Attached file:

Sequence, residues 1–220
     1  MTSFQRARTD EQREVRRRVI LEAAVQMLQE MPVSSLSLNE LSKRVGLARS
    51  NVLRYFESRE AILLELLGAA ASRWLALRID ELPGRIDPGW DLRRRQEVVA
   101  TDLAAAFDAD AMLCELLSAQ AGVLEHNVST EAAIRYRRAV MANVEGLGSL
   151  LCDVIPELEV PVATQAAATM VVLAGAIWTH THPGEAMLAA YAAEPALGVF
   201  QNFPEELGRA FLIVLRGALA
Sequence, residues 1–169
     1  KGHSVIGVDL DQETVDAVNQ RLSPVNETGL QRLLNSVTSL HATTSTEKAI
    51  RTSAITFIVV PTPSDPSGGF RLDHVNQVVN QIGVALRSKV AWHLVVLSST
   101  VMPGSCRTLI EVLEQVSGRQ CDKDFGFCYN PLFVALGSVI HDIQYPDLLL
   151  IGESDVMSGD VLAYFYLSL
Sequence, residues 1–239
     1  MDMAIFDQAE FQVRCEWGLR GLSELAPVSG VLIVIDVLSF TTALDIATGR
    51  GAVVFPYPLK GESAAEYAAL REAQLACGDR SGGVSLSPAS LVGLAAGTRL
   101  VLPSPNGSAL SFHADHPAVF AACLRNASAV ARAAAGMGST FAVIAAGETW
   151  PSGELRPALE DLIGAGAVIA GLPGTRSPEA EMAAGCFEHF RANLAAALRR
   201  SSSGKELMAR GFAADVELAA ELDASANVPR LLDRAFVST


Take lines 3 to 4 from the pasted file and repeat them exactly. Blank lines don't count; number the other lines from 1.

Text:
    51  NVLRYFESRE AILLELLGAA ASRWLALRID ELPGRIDPGW DLRRRQEVVA
   101  TDLAAAFDAD AMLCELLSAQ AGVLEHNVST EAAIRYRRAV MANVEGLGSL